United States District Court, D. Colorado
ORDER AFFIRMING COMMISSIONER
E. BLACKBURN UNITED STATES DISTRICT JUDGE.
matter before me is plaintiff's
Complaint [#1],  filed March 20, 2017,
seeking review of the Commissioner's decision denying
plaintiff's claims for child's disability insurance
benefits and supplemental security income benefits under
Titles II and XVI of the Social Security Act, 42 U.S.C.
§ 401, et seq. I have jurisdiction to review
the Commissioner's final decision under 42 U.S.C. §
405(g). The matter has been fully briefed, obviating the need
for oral argument. I affirm.
FACTUAL AND PROCEDURAL BACKGROUND
alleges that he is disabled as a result of congenital lumbar
spinal stenosis, lumbar herniated disc, and obesity. After
his applications for child's disability insurance
benefits and supplemental security income benefits were
denied, plaintiff requested a hearing before an
administrative law judge. This hearing was held on August 20,
2015. At the time of the hearing, plaintiff was 24 years old.
He has some level of high school education and no past
relevant work experience. He has not engaged in substantial
gainful activity since January 22, 2010, his alleged date of
found plaintiff was not disabled and therefore not entitled
to child's disability insurance benefits or supplemental
security income benefits. Although the medical evidence
established plaintiff suffered from severe impairments, the
judge found the severity of those impairments did not meet or
equal any impairment listed in the social security
regulations. The ALJ determined plaintiff had the residual
functional capacity to perform a range of sedentary,
unskilled work with certain postural restrictions, including
particularly the ability to sit and stand at will. Because
plaintiff had no past relevant work, the ALJ found there were
other jobs existing in substantial numbers in the national
and local economies he could perform. He therefore found
plaintiff not disabled at step five of the sequential
evaluation. Plaintiff appealed this decision to the
Appeals Council. The Council affirmed. Plaintiff then filed
this action in federal court.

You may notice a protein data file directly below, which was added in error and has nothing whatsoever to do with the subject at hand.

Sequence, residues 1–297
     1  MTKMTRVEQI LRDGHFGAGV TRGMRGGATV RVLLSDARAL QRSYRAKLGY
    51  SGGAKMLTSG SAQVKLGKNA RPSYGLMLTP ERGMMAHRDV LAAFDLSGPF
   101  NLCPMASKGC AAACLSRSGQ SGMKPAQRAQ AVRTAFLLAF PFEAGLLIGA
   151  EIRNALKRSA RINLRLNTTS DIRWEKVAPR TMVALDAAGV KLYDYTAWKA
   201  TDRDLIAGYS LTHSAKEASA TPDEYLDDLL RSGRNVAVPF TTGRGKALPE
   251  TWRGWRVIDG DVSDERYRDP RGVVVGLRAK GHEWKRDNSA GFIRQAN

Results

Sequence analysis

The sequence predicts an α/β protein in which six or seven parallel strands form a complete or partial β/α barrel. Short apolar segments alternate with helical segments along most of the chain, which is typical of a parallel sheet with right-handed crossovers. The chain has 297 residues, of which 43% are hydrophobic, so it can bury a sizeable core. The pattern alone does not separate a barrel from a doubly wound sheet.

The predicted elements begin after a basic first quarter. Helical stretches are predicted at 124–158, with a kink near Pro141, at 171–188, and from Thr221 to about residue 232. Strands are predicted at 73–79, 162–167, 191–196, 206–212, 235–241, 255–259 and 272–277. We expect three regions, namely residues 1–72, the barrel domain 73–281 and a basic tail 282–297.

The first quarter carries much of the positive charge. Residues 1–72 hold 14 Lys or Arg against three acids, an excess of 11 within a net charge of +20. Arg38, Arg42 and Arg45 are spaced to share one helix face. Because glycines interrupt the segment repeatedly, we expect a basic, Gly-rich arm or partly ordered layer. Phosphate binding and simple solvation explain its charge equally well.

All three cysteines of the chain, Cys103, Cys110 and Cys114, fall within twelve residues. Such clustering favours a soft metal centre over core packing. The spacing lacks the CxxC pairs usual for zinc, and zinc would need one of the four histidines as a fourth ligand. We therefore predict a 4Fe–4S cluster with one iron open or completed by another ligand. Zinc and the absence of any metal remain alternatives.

STANDARD OF REVIEW
person is disabled within the meaning of the Social Security
Act only if his physical and/or mental impairments preclude
him from performing both his previous work and any other
“substantial gainful work which exists in the national
economy.” 42 U.S.C. § 423(d)(2). “When a
claimant has one or more severe impairments the Social
Security [Act] requires the [Commissioner] to consider the
combined effects of the impairments in making a disability
determination.” Campbell v. Bowen, 822 F.2d
1518, 1521 (10th Cir. 1987) (citing 42 U.S.C.
§ 423(d)(2)(C)). However, the mere existence of a severe
impairment or combination of impairments does not require a
finding that an individual is disabled within the meaning of
the Social Security Act. To be disabling, the claimant's
condition must be so functionally limiting as to preclude any
substantial gainful activity for at least twelve consecutive
months. See Kelley v. Chater, 62 F.3d 335, 338
(10th Cir. 1995).
Commissioner has established a quinquepartite sequential
evaluation process for determining whether a claimant is
1. The ALJ must first ascertain whether the claimant is
engaged in substantial gainful activity. A claimant who is
working is not disabled regardless of the medical findings.
2. The ALJ must then determine whether the claimed impairment
is “severe.” A “severe impairment”
must significantly limit the claimant's physical or
mental ability to do basic work activities.
3. The ALJ must then determine if the impairment meets or
equals in severity certain impairments described in Appendix
1 of the regulations.
4. If the claimant's impairment does not meet or equal a
listed impairment, the ALJ must determine whether the
claimant can perform her past work despite any limitations.
5. If the claimant does not have the residual functional
capacity to perform her past work, the ALJ must decide
whether the claimant can perform any other gainful and
substantial work in the economy. This determination is made
on the basis of the claimant's age, education, work
experience, and residual functional capacity.
20 C.F.R. § 404.1520(a)(4)(I)-(v).See also
Williams v. Bowen844 F.2d 748, 750-52 (10th
Cir. 1988). The claimant has the initial burden of
establishing a disability in the first four steps of this
analysis. Bowen v. Yuckert, 482 U.S. 137, 146 n.5,
107 S.Ct. 2287, 2294 n.5, 96 L.Ed.2d 119 (1987). The burden
then shifts to the Commissioner to show the claimant is
capable of performing work in the national economy.
Id. A finding that the claimant is disabled or not
disabled at any point in the five-step review is ...